Y-maze task

The Y-maze task was performed at 7 days after AβO injection. The Y-maze is a three-arm (40-cm-long and 3-cm-wide with 12-cm-high walls) horizontal maze in which the arms were symmetrically disposed at 120° angles from one another. The maze floor and walls were constructed of dark opaque polyvinyl plastic as previously described (Jung et al., 2014). The mice were initially placed within one arm, and the sequence (i.e., ABCCAB, etc.) and number of arm entries were manually recorded for each mouse over an 8-min period. Alternations were defined as entries into all three arms on consecutive choices (i.e., ABC, CAB, or BCA but not BAB). The mice were administered either spinosin (5, 10 or 20 mg/kg, p.o.) or donepezil (5 mg/kg, p.o.) for 6 days, and the last treatment was administered at 24 h before the test. The control group animals received 10% Tween 80 solution rather than spinosin or donepezil. Between each test, the maze arms were thoroughly sprayed with water to remove residual odors and residues. The alternation score (%) for each mouse was defined as the ratio of the actual number of alternations to the possible number (defined as the total number of arm entries minus two multiplied by 100) using the following equation: % Alternation= [(Number of alternations)/(Total arm entries-2)]×100. The number of arm entries was used as an indicator of locomotor activity.

Western blot analysis

The mice were sacrificed at 24 h after the last spinosin administration (20 mg/kg) for Western blotting. The isolated hippocampal tissues were homogenized in ice-chilled Tris-HCl buffer (20 mM, pH 7.4) containing 0.32 M sucrose, 1 mM EDTA, 1 mM EGTA, 1 mM PMSF, 1 mM sodium orthovana-date, and one protease inhibitor tablet per 50 ml of buffer. The homogenates (15 μg for protein) were subsequently subjected to SDS-PAGE (8% gel) under reducing conditions. The proteins were transferred to PVDF membranes in transfer buffer [25 mM Tris-HCl (pH 7.4) containing 192 mM glycine and 20% v/v methanol] at 400 mA for 2 h at 4°C. The Western blots were blocked at room temperature for 2 h in 5% skim milk and incubated with anti-GFAP, anti-OX-42 or anti-ChAT antibodies (1:1000 dilution) overnight at 4°C, followed by washing ten times with Tris-buffered saline/Tween 20 (TBST). Subsequently, the membranes were incubated with a 1:3000 dilution of horseradish peroxidase-conjugated secondary antibody for 2 h at room temperature, washed ten times with TBST, and developed with enhanced chemiluminescence (Amersham Life Science, Arlington Heights, IL, USA). The membrane was analyzed using the LAS-4000 mini bio-imaging program (Fuji-film Life Science USA, Stamford, CT, USA).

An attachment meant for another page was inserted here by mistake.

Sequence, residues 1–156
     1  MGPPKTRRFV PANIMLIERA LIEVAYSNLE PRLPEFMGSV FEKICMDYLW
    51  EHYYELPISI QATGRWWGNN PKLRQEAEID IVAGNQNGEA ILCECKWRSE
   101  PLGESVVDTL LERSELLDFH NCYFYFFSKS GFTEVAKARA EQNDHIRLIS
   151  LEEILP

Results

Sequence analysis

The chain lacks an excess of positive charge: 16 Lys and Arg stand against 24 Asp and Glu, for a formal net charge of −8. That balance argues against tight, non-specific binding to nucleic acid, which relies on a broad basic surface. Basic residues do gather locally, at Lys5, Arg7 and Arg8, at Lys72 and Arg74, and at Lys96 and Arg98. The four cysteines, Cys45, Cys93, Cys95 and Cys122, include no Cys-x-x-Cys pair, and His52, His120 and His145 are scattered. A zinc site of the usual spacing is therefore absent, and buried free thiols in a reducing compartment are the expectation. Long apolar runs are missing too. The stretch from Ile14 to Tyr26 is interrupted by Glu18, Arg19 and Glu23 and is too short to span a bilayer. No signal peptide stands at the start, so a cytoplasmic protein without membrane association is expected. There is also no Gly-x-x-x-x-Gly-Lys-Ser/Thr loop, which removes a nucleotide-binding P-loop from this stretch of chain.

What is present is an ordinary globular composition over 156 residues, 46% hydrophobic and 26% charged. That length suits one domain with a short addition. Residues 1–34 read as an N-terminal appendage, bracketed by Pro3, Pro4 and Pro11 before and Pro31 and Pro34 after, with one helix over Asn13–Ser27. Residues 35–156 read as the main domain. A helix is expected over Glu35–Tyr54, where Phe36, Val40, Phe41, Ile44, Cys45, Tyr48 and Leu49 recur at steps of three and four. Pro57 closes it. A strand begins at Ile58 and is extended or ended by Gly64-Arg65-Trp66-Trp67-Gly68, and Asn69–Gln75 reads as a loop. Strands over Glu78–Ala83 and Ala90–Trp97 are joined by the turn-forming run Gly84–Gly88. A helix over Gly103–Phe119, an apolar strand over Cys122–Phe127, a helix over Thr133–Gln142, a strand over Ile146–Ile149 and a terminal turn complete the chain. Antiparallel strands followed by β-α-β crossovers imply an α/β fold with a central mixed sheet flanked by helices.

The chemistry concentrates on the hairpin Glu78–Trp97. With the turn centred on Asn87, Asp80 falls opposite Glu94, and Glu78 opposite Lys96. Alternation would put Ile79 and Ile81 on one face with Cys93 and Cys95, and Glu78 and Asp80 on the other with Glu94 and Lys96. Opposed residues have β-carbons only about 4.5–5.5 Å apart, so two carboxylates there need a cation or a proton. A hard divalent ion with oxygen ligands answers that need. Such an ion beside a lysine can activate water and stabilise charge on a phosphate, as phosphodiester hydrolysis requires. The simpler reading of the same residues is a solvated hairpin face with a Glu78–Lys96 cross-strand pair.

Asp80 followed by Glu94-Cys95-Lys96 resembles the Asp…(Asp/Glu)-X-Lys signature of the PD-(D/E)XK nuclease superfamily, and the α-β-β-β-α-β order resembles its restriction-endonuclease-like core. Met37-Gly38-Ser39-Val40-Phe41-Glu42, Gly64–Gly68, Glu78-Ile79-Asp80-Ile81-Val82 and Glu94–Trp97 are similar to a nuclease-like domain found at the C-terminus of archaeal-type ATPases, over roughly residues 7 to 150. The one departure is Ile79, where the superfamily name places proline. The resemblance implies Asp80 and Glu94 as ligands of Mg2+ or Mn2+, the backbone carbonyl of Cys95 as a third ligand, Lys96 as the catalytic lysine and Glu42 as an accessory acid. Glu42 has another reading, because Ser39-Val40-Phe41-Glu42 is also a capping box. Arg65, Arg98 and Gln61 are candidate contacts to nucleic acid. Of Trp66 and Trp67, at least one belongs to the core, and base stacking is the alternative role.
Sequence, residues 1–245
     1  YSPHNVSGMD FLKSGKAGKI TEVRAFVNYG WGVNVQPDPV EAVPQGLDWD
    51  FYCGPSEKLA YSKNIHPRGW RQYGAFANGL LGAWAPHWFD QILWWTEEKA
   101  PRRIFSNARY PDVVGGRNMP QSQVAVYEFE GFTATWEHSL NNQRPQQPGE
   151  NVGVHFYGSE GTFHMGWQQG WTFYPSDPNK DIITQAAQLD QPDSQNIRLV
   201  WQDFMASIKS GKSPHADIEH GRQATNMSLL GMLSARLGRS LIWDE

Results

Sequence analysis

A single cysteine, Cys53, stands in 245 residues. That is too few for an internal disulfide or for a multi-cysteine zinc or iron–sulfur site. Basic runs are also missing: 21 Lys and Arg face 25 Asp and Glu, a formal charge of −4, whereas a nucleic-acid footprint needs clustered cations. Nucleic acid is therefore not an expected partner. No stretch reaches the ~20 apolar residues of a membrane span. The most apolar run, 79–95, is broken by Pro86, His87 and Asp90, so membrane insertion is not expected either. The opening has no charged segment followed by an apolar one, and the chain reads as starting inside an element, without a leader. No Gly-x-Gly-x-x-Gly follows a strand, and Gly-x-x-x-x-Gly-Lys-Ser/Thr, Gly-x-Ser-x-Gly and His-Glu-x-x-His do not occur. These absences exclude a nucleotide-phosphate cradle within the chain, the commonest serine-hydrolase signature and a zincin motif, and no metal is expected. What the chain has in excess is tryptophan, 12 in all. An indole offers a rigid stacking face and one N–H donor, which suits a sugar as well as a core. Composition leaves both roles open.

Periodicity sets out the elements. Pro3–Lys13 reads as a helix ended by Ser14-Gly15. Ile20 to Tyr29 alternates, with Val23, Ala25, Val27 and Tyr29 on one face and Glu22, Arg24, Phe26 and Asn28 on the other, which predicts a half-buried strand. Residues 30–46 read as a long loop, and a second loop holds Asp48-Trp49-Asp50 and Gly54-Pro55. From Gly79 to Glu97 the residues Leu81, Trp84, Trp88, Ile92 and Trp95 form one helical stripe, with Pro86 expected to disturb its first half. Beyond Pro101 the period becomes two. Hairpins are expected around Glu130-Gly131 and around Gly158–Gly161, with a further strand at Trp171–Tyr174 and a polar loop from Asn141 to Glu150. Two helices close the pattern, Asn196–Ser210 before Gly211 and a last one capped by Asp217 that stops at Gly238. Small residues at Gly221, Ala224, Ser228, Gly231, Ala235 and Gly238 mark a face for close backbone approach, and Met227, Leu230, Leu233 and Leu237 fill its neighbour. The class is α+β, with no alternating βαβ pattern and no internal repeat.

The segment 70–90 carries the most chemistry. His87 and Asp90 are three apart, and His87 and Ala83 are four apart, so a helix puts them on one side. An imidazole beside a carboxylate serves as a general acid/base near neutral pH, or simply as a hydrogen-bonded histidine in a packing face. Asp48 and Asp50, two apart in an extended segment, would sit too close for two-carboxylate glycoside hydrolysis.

Immunohistochemistry

After AβO injection, the mice were treated with spinosin (20 mg/kg) or 10% Tween 80 for 7 days. The mice were anesthetized using a mixture of N2O and O2 (70:30) containing 2% isoflurane 24 h after the last administration, and transcardially perfused with 50 mM PBS (pH 7.4) followed by ice-cold 4% paraformaldehyde. The brains were removed and postfixed overnight in phosphate buffer (50 mM, pH 7.4) containing 4% paraformaldehyde, followed by immersion in a solution containing 30% sucrose in 50 mM PBS, and storage at 4°C until sectioning. The frozen brain samples were coronally sectioned. Sections from ?1.58 to ?2.30 mm were obtained for the hippocampal area, based on the atlas of the mouse brain (Paxinos and Franklin, 2001). Free-floating sections were incubated for 24 h in PBS (4°C) containing anti-GFAP (1:1000 dilution), anti-OX-42 (1:1000 dilution) or anti-ChAT (1:1000 dilution) antibodies, 0.3% Triton X-100, 0.5 mg/ml bovine serum albumin, and 1.5% normal horse serum, as previously described (Lee et al., 2012).

Statistics